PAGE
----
SPECIAL FEATURE

Minhwa: Paintings for Happiness SPECIAL FEATURE 3 Stories of Life in Symbols

Korean folk paintings were produced and appreciated by common people. Amateur painters, their skills not comparable to professional artists, created an enchanting world by employing a symbolic system where a set of motifs were assigned specific meanings.

“Mt. Geumgang.” Late Joseon Dynasty. Ink and light color on silk. 50.2 × 34.6 cm. Sun Moon University Museum.

“Flowers and Birds.” Late Joseon Dynasty. Ink and color on paper. 69.1 × 41.2 cm. Sun Moon University Museum.

Landscapes
Under the deep-rooted influence of Confucianism, Buddhism and Taoism, East Asia has a long tradition of living in harmony with nature. Landscape painting (sansuhwa, literally “painting of mountain and water”) was a genre of art originating from the heart-felt affinity and unity with nature shared in this cultural sphere. For many artists, nature was their most important and favorite subject.

At first, minhwa landscapes imitated works of fine art, most notably the “true-view” landscape paintings (jingyeong sansuhwa) by Jeong Seon (1676-1759). True-view paintings, with their simplified expression of objects in bold brushstrokes, were relatively easy for amateur artists to emulate compared to the detailed depictions used in other genres of painting.

Flowers and Birds
Traditional paintings of flowers and birds (hwajodo) were generally a faithful representation of natural beauty. On the other hand, minhwa works of flowers and birds were replete with the symbolism of a happy marriage, which imbued them with qualities both decorative and talismanic. The most common motifs were flowers such as peonies, lotus blossoms, plum blossoms, chrysanthemums, daffodils, magnolias, orchids and pomegranates; and birds such as the pheasant, phoenix, crane, wild goose, duck, chicken, white heron, mandarin duck, swallow, nightingale and sparrow.

Probably the most popular flower motif was the peony, which stood for wealth and nobility. The pomegranate reflected wishes for many children, as symbolized by the numerous seeds tightly packed in the fruit. The pheasant, mandarin duck and domestic duck were always depicted in pairs as icons of conjugal love and domestic bliss.

“Ten-panel Folding Screen with Ten Symbols of Longevity.” Latter half of the 18th century. Ink and color on silk. 210 × 552.3 cm. Leeum, Samsung Museum of Art.


Ten Symbols of Longevity
Conveying universal wishes for health and long life, paintings of the ten symbols of longevity (sipjangsaengdo) feature the sun, clouds, water, mountains, rocks, turtles, cranes, pine trees, deer and the mushroom of immortality. Over time, the genre expanded to encompass 12 symbols, including peaches and bamboo, though all 12 are still referred to as the “ten symbols.” The symbolism presumably originated in primitive religion based in shamanism, which venerated nature and its forces.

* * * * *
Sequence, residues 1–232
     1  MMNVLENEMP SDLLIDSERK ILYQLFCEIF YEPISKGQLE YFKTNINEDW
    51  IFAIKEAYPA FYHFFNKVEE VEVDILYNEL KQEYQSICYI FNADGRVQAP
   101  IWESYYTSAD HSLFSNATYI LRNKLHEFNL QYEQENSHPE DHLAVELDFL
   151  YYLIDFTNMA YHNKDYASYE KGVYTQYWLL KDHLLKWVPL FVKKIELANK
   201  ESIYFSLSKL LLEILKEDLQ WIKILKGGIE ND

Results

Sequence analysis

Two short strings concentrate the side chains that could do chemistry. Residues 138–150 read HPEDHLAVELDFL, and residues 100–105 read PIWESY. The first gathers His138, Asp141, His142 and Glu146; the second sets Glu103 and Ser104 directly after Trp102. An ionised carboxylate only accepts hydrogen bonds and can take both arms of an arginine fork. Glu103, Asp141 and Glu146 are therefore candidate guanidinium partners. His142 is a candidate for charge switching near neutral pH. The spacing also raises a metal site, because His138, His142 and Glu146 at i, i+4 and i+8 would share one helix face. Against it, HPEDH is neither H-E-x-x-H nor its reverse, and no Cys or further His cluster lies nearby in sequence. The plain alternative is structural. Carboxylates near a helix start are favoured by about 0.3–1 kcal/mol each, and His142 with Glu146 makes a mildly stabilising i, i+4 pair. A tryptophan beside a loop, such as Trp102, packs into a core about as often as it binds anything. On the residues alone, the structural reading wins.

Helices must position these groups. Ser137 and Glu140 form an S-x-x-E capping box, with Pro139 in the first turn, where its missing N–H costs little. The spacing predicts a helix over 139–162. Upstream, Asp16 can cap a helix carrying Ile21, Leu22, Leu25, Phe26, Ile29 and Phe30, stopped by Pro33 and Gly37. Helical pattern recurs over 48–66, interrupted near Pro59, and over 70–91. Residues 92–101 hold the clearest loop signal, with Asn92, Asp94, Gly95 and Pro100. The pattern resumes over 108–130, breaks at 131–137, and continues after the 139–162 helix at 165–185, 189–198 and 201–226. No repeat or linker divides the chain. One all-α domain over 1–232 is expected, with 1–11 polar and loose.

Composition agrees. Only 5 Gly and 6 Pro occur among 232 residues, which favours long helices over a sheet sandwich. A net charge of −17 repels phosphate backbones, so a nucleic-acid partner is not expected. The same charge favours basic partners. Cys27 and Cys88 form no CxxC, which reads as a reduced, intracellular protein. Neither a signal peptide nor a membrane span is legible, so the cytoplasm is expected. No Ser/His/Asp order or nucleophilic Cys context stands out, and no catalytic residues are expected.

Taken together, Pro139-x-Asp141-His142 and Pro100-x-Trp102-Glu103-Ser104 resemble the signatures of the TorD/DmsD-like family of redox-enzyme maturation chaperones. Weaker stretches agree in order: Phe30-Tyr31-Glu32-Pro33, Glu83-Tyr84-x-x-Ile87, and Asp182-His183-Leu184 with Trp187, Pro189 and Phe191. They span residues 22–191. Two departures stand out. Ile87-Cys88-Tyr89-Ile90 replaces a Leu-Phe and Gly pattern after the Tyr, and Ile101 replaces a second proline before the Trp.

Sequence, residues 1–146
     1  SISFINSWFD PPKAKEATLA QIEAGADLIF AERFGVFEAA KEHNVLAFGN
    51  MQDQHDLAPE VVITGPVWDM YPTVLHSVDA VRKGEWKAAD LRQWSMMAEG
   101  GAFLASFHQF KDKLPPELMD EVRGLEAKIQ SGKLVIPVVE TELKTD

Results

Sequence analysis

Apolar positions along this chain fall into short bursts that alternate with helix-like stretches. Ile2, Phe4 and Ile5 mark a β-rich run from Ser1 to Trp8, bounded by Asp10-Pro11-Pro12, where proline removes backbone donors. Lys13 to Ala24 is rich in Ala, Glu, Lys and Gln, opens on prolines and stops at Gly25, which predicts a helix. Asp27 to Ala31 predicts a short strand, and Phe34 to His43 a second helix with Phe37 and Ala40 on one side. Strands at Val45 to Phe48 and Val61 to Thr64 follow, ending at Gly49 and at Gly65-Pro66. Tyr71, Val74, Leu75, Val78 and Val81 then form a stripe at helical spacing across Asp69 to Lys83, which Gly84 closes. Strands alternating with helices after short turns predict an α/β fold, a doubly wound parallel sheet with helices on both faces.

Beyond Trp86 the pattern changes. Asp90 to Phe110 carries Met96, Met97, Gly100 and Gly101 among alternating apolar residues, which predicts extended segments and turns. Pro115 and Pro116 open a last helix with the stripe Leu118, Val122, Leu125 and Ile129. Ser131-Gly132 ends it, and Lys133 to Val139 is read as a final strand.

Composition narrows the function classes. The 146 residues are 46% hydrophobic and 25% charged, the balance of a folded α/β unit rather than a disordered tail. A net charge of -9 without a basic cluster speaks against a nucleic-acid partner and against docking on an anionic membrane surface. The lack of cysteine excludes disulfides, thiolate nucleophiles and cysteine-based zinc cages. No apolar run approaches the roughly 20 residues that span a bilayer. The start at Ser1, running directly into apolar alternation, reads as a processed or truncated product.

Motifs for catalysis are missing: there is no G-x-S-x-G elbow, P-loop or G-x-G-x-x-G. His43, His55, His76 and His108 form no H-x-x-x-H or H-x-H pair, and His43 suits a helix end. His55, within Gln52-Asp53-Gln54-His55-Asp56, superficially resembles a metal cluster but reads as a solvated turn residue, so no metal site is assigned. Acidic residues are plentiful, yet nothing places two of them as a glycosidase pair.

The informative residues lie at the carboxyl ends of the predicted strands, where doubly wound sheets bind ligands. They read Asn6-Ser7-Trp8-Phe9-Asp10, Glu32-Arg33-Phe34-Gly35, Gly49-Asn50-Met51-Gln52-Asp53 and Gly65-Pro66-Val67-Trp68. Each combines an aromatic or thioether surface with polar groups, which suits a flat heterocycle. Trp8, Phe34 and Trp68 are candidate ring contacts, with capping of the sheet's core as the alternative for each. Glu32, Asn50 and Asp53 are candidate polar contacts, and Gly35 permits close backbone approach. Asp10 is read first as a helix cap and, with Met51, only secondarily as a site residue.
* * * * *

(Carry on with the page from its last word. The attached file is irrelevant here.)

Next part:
In early human societies, shamanism often had the status of a state religion, wielding absolute power over people across classes. The shamanistic way of thinking had been entrenched in the Korean subconscious and its influence continued even after Buddhism became popular. This spiritual tradition yielded paintings of the ten longevity symbols that, using bold and vibrant colors, manifested unique Korean color sensibilities.

“Twelve-panel Folding Screen with Taoist Immortals” (detail). Choe U-seok (1899-1964). Date unknown. Ink and color on silk. 181.5 × 285 cm (each six-panel screen). National Folk Museum of Korea.

Taoist Immortals
The notion of Taoist immortals (sinseon) has a long history dating back to Gojoseon, or Old Joseon, the first state in Korean history. Dangun, the legendary founder of this ancient state and progenitor of the Korean people, is said to have become an immortal. Koreans used to regard immortals not as purely mythical beings but as a state that humans could achieve through spiritual discipline. They believed that by leaving the mundane behind and contemplating themselves and the world, they would be able to attain ultimate awakening and become an immortal.

Eventually, paintings of Taoist immortals came to represent hopes for a peaceful existence at one with nature, free from suffering.

“Pictorial Ideograph: Brotherly Affection (悌).” Early 20th century. Ink and color on paper. 55 × 33 cm. Private collection.

“Pictorial Ideograph: Loyalty (忠).” 19th century. Ink and color on paper. 90.2 × 34.2 cm. Private collection.

Pictorial Ideographs
Another unique type of minhwa is pictorial ideographs (munjado), consisting of classical Chinese characters representing the core tenets of Confucianism rendered with thick brushstrokes. Abstract motifs based in folk stories are painted in and around the strokes. The eight most frequently depicted virtues are: filial piety (孝), brotherly love (悌), loyalty (忠), trustworthiness (信), propriety (禮), righteousness (義), integrity (廉) and sense of shame (恥). Each character is decorated with images of animals, flowers, or other objects with corresponding meanings.

For example, paintings about brotherly love usually feature wagtails, which stand for brotherly cooperation, and Korean blueberry (sanaengdu) to symbolize harmony among siblings. Ideographic folk paintings are recognized for their indigenous combination of abstract and realistic expression.

Im Doo-bin Art Critic
페이스북 유튜브

COMMENTS AND QUESTIONS TO koreana@kf.or.kr
Address: 55, Sinjung-ro, Seogwipo-si, Jeju-do, 63565, Republic of Korea
Tel: +82-64-804-1000 / Fax: +82-64-804-1273
ⓒ The Korea Foundation. All rights Reserved.

SUBSCRIPTION

Copyright ⓒ The Korea Foundation All rights reserved.

페이스북 유튜브